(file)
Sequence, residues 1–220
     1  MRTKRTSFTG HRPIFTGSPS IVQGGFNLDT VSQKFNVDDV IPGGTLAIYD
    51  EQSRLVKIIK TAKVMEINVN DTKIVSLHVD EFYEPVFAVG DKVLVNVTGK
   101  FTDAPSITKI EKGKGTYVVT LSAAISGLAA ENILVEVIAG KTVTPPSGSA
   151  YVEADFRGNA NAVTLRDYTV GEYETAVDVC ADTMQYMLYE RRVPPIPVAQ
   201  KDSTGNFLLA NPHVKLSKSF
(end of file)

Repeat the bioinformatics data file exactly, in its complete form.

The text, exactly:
Sequence, residues 1–220
     1  MRTKRTSFTG HRPIFTGSPS IVQGGFNLDT VSQKFNVDDV IPGGTLAIYD
    51  EQSRLVKIIK TAKVMEINVN DTKIVSLHVD EFYEPVFAVG DKVLVNVTGK
   101  FTDAPSITKI EKGKGTYVVT LSAAISGLAA ENILVEVIAG KTVTPPSGSA
   151  YVEADFRGNA NAVTLRDYTV GEYETAVDVC ADTMQYMLYE RRVPPIPVAQ
   201  KDSTGNFLLA NPHVKLSKSF